Tag Archives: Wings Greatest

Rocks In The Attic #549: Wings – ‘Wings Greatest’ (1978)

RITA#549.jpgI’m currently half-way through reading Howard Sounes’ Fab: The Intimate Life Of Paul McCartney. While it’s not the most revelatory of Beatle biographies, Sounes does win points for writing the most cutting paragraph of Sir Paul’s woeful fashion sense:

Paul showed up in a baggy tartan suit, like a Caledonian clown. [Linda McCartney] wore a maternity dress. Paul had cut a sharp figure during the Sixties, never more so than when he strode across the Abbey Road zebra crossing in a beautifully tailored Saville Row suit. Now he had mislaid his style compass. It would be years until he found it again. Not all Seventies fashion was bad, but it is fair to say that Paul McCartney dressed appallingly throughout that decade and much of the Eighties, wearing ill-chosen clothes and sporting a trendy yet hideous mullet haircut.

Ouch! Thankfully, unless you scan the record covers intensely, it’s now quite easily to overlook his sartorial crimes. All’s that’s left is a load of catchy – sometimes syrupy – songs. The other target in Sounes’ book is the strength – or weakness, if we’re going to be honest – of McCartney’s lyrics. For me, you can forgive something like Silly Love Songs when you have something like Live And Let Die to consider. The unbelievably good sometimes outweighs the unbelievably bad. Still, he does seem to defer to the act of choosing words because they rhyme rather than the words meaning anything. Just try and decipher the lyrics to Jet; it’s just gibberish.

You can’t fault the man’s light-hearted approach to promotion though. The album was supported by a jokey television advert, featuring several members of the public singing Wings tunes, ending with a dustman, parked in his lorry in Abbey Road, singing a wildly out of tune rendition of Band On The Run, at which point Paul, Linda and Denny Laine pull up alongside and Paul shouts “You’re a bit flat mate!”. The driver leans out his window and says “Funny, I only checked them this morning”.

Hit: Live And Let Die

Hidden Gem: Junior’s Farm

Rocks In The Attic #65: Paul McCartney – ‘Wingspan: Hits & History’ (2001)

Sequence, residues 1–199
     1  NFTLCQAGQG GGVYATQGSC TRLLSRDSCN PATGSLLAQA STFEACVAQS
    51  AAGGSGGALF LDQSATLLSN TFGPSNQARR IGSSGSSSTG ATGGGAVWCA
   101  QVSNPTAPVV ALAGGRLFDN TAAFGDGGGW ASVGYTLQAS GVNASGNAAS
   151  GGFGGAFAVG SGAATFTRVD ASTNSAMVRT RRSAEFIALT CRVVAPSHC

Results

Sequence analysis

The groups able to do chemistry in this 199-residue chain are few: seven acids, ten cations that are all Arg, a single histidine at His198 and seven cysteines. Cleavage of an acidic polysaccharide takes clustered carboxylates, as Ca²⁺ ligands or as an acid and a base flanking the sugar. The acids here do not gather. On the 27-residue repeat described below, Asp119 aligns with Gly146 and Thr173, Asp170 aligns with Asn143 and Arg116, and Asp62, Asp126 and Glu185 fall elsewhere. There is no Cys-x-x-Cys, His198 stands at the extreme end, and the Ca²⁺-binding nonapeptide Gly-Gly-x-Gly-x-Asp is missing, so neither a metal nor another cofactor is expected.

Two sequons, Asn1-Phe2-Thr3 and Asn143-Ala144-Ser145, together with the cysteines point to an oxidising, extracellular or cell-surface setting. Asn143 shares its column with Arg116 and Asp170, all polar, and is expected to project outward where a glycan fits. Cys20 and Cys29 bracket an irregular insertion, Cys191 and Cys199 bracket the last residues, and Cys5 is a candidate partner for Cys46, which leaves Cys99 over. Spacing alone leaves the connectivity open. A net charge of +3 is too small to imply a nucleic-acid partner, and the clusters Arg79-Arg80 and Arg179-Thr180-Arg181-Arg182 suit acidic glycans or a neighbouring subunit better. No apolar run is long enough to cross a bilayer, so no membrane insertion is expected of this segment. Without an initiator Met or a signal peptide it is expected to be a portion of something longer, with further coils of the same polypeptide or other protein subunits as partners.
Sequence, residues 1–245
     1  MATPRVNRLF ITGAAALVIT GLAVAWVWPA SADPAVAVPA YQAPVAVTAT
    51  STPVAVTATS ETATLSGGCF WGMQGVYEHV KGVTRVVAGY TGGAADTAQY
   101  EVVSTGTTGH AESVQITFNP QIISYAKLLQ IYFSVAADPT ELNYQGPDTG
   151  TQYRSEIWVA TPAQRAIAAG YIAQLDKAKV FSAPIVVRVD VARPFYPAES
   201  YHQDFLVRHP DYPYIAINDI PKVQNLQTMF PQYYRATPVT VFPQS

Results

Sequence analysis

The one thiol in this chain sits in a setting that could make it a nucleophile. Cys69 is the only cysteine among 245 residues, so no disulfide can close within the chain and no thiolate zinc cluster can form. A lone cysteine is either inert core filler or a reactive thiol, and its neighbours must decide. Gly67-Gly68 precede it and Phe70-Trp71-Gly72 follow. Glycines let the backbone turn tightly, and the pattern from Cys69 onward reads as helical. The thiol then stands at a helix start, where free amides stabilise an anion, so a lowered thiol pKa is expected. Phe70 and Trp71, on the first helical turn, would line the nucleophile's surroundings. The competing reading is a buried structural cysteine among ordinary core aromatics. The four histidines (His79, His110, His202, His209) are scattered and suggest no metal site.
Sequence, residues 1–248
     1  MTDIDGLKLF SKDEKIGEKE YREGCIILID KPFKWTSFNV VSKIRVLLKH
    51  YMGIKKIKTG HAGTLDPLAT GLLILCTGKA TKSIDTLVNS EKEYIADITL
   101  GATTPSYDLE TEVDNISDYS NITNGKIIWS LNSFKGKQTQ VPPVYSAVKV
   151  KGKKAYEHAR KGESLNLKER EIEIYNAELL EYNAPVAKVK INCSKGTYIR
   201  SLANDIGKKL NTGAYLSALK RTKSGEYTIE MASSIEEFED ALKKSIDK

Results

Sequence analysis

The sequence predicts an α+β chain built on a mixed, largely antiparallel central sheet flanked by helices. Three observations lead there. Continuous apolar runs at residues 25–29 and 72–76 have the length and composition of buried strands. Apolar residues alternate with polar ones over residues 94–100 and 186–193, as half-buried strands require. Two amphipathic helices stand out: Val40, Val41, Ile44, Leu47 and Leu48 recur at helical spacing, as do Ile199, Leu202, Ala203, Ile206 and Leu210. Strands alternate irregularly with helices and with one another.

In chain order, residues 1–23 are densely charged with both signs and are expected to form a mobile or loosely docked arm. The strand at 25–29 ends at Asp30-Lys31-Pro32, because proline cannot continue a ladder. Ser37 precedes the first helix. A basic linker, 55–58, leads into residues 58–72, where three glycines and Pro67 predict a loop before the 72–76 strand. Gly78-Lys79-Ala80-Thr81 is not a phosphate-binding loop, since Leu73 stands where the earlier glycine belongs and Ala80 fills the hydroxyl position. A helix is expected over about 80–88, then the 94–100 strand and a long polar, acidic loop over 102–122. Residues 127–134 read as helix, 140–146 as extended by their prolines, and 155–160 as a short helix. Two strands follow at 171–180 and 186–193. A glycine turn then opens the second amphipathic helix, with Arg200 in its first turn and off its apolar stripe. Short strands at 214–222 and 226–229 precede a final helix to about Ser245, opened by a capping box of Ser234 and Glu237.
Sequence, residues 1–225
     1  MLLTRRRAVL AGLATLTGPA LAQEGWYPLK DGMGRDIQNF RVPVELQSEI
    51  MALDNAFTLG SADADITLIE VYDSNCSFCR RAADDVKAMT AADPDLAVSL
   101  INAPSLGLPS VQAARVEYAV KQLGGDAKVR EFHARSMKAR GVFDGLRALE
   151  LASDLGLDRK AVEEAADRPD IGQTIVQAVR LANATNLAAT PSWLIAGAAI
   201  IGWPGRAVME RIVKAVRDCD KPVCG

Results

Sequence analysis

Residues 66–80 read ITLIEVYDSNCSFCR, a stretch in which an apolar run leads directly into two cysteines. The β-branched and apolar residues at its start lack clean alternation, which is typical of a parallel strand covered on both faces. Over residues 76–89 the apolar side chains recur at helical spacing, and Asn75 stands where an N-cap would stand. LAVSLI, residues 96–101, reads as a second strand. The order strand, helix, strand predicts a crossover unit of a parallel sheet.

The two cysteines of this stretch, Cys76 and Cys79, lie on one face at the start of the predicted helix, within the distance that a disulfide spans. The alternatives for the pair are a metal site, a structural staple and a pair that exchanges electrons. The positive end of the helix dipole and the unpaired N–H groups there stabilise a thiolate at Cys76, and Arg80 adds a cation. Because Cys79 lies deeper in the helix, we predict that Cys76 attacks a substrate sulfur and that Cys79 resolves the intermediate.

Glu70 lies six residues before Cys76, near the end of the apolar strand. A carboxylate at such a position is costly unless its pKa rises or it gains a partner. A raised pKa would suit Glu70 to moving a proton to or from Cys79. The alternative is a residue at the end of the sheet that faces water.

Rocks In The Attic #65: Paul McCartney - ‘Wingspan: Hits & History’ (2001)I remember buying Wings Greatest on CD when I was at University, from Our Price (Our Price!) in Huddersfield town centre. Then, a few years later when I was building my vinyl collection, McCartney released this – a retrospective of (mainly) his work with Wings, even though the collection is credited to McCartney in name, as though it is purely a solo compilation.

This was an album I bought on vinyl and immediately transferred onto tape so I could play it in my crappy Nissan Sunny on drives over to Ireland. I’ve spent many a reggae-inspired middle-eight of Live And Let Die racing through the Welsh valleys on my way to the ferry port at Fishguard.

The Wings stuff across this double-LP set is essentially their greatest hits (their singles complimented by their better album tracks), and these are bookended by McCartney’s solo stuff both pre- and post-Wings. Thankfully, there’s not a great deal of McCartney’s solo cheese on here – the only real example is No More Lonely Nights, which gets two versions for some reason. The rest of his solo cheese – especially the likes of Ebony & Ivory and Wonderful Christmastime – is thankfully overlooked.

I’d have stuck Say Say Say on this if I had the opportunity, but given that none of his big duets appear on the album, it’s probably a simpler affair to keep it strictly a McCartney / Wings affair.

Hit: Band On The Run

Hidden Gem: Too Many People